Personal Favorites for 2022
Bringing my thread back from the dead for an update to this. It’s been
almost a year over two years almost three years to the day since I purchased my first real IEM, and wow, what a ride it’s been. I still fondly recall thinking to myself, “Dang. Why’s this stuff so expensive? And who drops $500, much less upwards of $2000 on an IEM?!” not too long ago. Well, the results have been…surprising, to say the least. Never could I have imagined that I’d get to hear half the stuff that I have ( 60+ 200+ 300+IEMs at this point!), get to know so many fellow hobbyists, land a gig for my hobby, or fly across the world, solo, to cover an audio show.
Some will observe that the list has seen something of a shift for 2022. In past years, there has been a decent number of more “budget” oriented IEMs on the list, or IEMs under $500. However, this year, these IEMs have all been eschewed but for one $300 IEM. I think this simply reflects my current thoughts on the state of the market, especially as a reviewer. Yes, these types of budget IEMs have come a long way and some present tremendous value. But simultaneously, I find it hard to ignore the feeling that they have become increasingly homogenous in sound and become a race to the bottom. Something like that…well, it doesn’t excite me. Don’t get me wrong: I’m not saying that IEMs should stray entirely off the beaten path. And I’m certainly not saying you need to spend exorbitantly to hear good sound! But these days, I do find myself more excited by IEMs that challenge the status quo and do so tastefully, which is something that usually comes with a higher price tag attached. And hey, I make no claims that this list is any way objective. The IEMs are not ranked by technicalities, tonality, order, or anything of the sort specifically. They’re just the IEMs that I think give me the most satisfaction at this point in time, so let’s get to it.
64 Audio U12t
You already knew this would be making the list for the third year in a row, and it shows no signs of being knocked either. The U12t masterfully walks the line between colored yet mostly balanced. The 2-5kHz dip to the upper-midrange, in conjunction with the mid and upper-treble contrast, begets an unprecedented sense of soundstage depth. Intangibly, the U12t remains a top performer. While I don’t think the U12t is the most uber-crisp IEM - there’s a certain softness to its attack transients - the U12t’s macrodynamic contrast and sense of layering are top-notch. There’s not much else that hasn’t been said before, but make no mistake that the U12t is still one of the best BA IEMs on the market, if not the best BA IEM on the market. It likewise remains my top recommendation, the perennial flagship benchmark, whenever I’m asked which flagship IEM I’d buy.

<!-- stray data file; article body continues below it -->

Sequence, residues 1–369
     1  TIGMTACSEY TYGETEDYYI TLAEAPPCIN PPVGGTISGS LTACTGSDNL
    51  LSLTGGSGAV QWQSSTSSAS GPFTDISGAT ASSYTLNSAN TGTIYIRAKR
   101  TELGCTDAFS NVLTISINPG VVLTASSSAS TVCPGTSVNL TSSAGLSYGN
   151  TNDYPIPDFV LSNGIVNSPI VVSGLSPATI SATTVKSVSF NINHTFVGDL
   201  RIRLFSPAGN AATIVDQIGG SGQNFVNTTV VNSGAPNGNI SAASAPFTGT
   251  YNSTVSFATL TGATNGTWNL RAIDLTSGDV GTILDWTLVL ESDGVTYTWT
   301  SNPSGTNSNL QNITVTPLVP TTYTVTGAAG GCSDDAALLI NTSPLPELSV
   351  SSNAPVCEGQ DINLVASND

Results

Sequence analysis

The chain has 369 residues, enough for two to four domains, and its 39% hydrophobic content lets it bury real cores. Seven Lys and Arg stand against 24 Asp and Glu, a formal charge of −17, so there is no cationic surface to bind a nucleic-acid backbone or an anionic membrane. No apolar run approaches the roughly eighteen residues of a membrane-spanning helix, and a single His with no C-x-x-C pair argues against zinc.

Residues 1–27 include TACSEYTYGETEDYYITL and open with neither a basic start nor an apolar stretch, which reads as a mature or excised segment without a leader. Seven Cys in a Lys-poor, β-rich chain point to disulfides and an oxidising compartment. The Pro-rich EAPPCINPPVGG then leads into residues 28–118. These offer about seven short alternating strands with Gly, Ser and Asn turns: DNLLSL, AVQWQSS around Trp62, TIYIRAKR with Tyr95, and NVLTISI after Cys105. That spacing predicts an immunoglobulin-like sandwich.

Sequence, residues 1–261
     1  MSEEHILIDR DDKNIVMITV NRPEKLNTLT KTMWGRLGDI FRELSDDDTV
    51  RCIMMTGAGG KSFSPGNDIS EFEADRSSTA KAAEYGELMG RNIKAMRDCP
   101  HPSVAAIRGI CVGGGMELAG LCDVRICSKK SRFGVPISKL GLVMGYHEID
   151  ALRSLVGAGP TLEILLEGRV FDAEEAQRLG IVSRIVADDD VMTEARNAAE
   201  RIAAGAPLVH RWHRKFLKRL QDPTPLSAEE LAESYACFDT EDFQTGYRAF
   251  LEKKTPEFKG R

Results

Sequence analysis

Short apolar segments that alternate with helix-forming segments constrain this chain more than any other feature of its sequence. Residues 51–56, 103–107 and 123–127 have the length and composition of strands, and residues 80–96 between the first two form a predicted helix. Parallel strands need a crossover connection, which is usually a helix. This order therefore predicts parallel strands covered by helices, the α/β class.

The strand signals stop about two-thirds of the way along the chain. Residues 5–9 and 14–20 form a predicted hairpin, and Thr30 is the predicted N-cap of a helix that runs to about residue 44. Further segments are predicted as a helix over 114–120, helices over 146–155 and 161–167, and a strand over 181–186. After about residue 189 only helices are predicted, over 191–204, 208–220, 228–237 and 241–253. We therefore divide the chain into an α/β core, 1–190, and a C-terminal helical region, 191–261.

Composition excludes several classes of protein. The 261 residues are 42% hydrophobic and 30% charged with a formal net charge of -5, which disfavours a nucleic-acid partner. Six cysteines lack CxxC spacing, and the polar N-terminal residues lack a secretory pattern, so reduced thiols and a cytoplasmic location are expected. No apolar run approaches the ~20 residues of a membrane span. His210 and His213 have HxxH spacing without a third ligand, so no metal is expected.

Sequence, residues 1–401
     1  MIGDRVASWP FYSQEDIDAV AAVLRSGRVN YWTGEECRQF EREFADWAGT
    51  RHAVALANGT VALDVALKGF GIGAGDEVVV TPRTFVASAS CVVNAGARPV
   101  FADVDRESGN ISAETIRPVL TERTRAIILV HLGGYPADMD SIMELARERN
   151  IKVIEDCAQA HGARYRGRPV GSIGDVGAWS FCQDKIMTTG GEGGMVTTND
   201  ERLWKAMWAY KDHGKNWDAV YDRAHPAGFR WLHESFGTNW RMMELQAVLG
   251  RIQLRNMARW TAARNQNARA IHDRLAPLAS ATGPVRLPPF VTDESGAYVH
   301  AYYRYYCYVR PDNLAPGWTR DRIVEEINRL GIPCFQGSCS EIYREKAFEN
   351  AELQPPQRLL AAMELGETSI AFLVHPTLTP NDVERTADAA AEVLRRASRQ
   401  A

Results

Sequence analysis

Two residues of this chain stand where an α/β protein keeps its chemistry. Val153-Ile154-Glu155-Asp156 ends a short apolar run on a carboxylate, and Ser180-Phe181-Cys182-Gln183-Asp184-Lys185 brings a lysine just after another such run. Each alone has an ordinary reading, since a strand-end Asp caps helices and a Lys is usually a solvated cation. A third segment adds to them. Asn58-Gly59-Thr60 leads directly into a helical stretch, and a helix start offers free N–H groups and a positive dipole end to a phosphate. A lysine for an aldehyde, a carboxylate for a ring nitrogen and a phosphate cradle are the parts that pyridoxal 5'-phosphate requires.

DUNU SA6 / Ultra
This is getting added back after I removed it some time ago. The SA6 follows a QDC-inspired tuning, but it couldn’t be more different when it comes to the intangibles. It has more bass texture than the QDC IEMs and a wet, slightly soft characteristic to its transients that’s a whole lot more reminiscent of the U12t. The SA6, then, is expectedly one of the better offenders of BA timbre. The SA6 has a few minor tuning grievances like its ever-so-slightly uneven upper-midrange and treble response. Staging and layering on the SA6 are also honestly nothing special, for which the Ultra version improves upon these issues marginally. But damn, it’s just such a well-rounded set overall, one that I slap on and find myself getting lost in the music.
Elysian Acoustic Labs Diva
Step aside, Annihilator 2021. The Diva is my new go-to out of the Elysian lineup. It’s definitely not as technical as the Annihilator (or even the Gaea for that matter), but I find the Diva’s tuning to be more palatable for extended listening. In this vein, the Diva’s sound is incredibly flexible due to an integrated bass dial which allows for three distinct tunings. However, the common denominator that shines through is a slightly sharpened characteristic to notes, in a glossy manner, without delving into harshness. This phenomenon is thanks to a number of fine-tuning adjustments: an incredibly clean sub-bass shelf, an emphasized but controlled upper-midrange, and sharp dampening at the usual 8kHz resonance before the treble comes back up. There’s no question that the Diva merits its price and then some; the real question is whether you’re willing to play the waiting game for this excellent IEM.